Some of the arguments made for widening the definition of what constitutes aid might allow more non-economy development, from peace-keeping to culture. And looking at the potential for developing new interventions in supporting development through a range of relevant institutions and agencies are interesting because they appear to offer the opportunity to pursue mutual interests. Some of the UK’s strongest soft power assets are its independent and semi-independent institutions (from our courts to our broadcasting and cultural organisations). The 2017 report by ResPublica (Britain's Global Future: Harnessing the soft power capital of UK institutions), developed with the support of the Science Museum and the British Council, argued that the UK should not simply rely on government mechanisms but should share its trusted institutional model more widely, seeking to support and work with the institutional infrastructure of developing nations. It suggested doing this, for example, through education programmes and via institution-to-institution connections to strengthen those nations’ civil societies and ultimately their economies, and reallocate foreign aid spending to harness the UK’s institutional strengths, including increasing spending on the education and ‘Government and civil society’ categories of ODA to £2 billion.
Free Aid and Free Trade
While there is some opposition amongst the UK tax-paying public for the level of development aid, relatively little is known about the reputational impact on countries of doing so. The British Council’s recent Value of Trust report, which examined data from polling of over 19,000 young people across the G20 countries, found that the perception of the UK as a contributor of aid for overseas development was the biggest factor driving trust in the UK Government and the second biggest (behind being ‘open and welcoming’) driving trust in British people. Perhaps this benefits us all. Higher trust is a good proxy for a nation’s soft power, and is known to have economic benefits, with a 15% rise in trust associated with a 1% increase in GDP through enhanced trade (Zak and Knack (2001) Trust and Growth. Economic Journal 111/470:295-321). And British Council research shows that those who trust the UK are twice as likely as those who do not to want to engage with us through trade, tourism, studying in the UK and experiencing our arts and culture.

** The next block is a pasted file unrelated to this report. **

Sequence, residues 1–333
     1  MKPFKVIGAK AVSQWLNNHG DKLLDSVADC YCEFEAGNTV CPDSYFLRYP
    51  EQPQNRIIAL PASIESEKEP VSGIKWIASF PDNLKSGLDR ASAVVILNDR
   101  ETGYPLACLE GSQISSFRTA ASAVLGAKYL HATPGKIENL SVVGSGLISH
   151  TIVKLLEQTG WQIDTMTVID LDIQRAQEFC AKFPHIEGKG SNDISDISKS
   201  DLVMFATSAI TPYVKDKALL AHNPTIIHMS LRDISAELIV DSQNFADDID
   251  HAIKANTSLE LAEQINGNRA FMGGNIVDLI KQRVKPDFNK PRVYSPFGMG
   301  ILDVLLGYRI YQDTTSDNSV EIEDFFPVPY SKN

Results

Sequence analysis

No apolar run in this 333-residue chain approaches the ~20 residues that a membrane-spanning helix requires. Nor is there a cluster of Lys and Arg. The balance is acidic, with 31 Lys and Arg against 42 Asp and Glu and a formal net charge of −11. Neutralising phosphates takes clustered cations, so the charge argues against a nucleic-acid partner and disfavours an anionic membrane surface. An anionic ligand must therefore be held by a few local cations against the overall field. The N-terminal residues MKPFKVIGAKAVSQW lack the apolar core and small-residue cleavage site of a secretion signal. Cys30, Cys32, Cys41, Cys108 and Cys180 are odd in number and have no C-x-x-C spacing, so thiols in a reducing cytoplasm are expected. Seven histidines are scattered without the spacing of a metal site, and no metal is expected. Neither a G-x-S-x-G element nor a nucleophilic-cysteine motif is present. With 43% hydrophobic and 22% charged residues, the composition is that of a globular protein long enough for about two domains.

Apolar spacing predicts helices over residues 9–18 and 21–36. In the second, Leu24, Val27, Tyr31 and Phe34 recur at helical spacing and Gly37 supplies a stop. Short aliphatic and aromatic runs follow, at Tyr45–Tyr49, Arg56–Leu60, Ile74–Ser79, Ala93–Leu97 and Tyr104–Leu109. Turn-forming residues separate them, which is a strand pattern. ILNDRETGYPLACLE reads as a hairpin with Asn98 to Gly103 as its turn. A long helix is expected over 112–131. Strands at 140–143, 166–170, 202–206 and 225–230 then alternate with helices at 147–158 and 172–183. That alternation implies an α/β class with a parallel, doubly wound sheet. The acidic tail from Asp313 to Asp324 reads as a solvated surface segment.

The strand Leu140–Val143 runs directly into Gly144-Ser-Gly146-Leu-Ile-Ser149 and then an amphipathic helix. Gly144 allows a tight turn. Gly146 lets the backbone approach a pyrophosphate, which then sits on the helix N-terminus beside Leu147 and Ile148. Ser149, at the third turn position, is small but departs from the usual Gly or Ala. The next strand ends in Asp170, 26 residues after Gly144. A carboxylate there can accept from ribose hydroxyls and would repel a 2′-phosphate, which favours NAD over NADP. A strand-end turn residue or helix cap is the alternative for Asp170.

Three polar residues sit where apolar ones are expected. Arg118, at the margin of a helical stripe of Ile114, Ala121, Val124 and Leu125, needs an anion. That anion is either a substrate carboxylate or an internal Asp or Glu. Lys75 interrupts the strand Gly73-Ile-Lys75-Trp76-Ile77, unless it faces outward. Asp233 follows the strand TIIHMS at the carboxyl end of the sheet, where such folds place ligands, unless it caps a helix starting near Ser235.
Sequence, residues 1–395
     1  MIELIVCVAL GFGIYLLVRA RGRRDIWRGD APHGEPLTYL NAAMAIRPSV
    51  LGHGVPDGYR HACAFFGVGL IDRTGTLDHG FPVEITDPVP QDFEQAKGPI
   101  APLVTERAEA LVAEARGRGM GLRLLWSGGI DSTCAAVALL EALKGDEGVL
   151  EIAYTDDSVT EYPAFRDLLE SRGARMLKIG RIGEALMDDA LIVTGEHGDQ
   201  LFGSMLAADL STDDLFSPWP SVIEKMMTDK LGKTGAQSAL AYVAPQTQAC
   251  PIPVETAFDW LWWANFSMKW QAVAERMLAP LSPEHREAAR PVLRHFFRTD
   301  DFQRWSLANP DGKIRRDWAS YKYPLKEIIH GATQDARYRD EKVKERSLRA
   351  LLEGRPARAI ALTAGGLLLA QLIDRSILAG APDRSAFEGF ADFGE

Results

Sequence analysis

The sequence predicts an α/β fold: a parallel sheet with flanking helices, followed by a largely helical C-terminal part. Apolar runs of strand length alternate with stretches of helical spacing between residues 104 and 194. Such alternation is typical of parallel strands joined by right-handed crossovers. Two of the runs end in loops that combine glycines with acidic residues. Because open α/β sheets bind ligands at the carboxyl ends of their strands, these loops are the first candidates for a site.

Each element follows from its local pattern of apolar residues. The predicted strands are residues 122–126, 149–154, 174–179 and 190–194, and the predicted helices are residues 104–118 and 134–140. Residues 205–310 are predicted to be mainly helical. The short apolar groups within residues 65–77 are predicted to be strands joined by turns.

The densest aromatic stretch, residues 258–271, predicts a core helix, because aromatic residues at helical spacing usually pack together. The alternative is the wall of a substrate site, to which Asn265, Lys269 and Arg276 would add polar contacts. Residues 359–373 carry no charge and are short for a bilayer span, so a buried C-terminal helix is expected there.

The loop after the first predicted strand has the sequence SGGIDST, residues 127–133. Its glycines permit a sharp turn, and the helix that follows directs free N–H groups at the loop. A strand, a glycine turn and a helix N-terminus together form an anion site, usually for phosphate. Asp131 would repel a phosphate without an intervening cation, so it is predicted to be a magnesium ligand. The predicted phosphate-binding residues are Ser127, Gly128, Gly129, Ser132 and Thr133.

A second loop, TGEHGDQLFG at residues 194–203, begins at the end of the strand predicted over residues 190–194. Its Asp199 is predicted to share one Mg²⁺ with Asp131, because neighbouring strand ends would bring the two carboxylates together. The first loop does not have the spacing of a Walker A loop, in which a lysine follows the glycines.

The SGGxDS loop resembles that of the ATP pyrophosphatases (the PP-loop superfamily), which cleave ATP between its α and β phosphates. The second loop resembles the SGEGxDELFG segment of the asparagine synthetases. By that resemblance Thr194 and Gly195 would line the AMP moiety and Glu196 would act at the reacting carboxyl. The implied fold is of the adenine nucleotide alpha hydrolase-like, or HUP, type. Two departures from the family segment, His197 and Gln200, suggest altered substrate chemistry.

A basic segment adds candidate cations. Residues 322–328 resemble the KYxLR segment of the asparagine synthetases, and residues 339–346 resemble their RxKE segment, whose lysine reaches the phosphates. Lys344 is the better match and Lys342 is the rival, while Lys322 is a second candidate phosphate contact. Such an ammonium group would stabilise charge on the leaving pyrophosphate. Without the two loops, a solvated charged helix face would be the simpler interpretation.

While being seen to contribute to international development has a strong association with whether people trust the UK, a relatively low proportion of young people overseas perceived the UK as a leading donor country
There is however a mis-match in that, while being seen to contribute to international development has a strong association with whether people trust the UK, a relatively low proportion of young people overseas perceived the UK as a leading donor country. Only 41% of those asked in the research agreed that the UK contributed its fair share to aiding development in poorer countries, whereas 70% agreed that the UK had world leading universities and research. Of course, given that those surveyed were from relatively well-off countries, it is likely that a more significant impact would be found in those countries benefiting directly from UK aid spending, and further research on this would be welcome. It may also be that it will take time for the recent increase in investment to translate in to reputational benefits.
These findings suggest that the UK does indeed see a significant positive side effect to its overseas aid spending, but that it might see a bigger benefit if more people overseas were more aware of the good work the UK does through its ODA contributions.
The vast majority of the increase in global living standards is the result of the benefits of international trade, the spread of market models of economic development, the stability brought about by the rules-based international order, and the progress of science in all of which the UK has played a strong part
Moving beyond the question of official development assistance, it is worth considering other drivers of the progress seen in the last few decades towards increasing standards of living in poorer countries. Extreme poverty around the world (defined as people living on less than $1.90 / day) has halved in the last 20 years. Although some of this is the result of well-targeted aid spending, the vast majority of the increase in global living standards is the result of the benefits of international trade, the spread of market models of economic development after the Cold War (particularly in Asia), the stability brought about by the rules-based international order, and the progress of science and research from eradicating diseases to the internet, in all of which the UK has played a strong part. When many voices are challenging that order, and when the UK is looking to re-invent itself as a ‘Global Britain’ after Brexit, the UK’s soft power as a result of its international development engagement should arguably be seen in this broader context.
The admittedly limited knowledge that we have does seem to suggest that the UK aid budget does bring benefits for the UK as well as its recipients. And if the UK treads carefully it may be able to increase those positive side effects as well as enhancing the good that it does in the poorest parts of the world.
Alasdair Donaldson, Insight Editor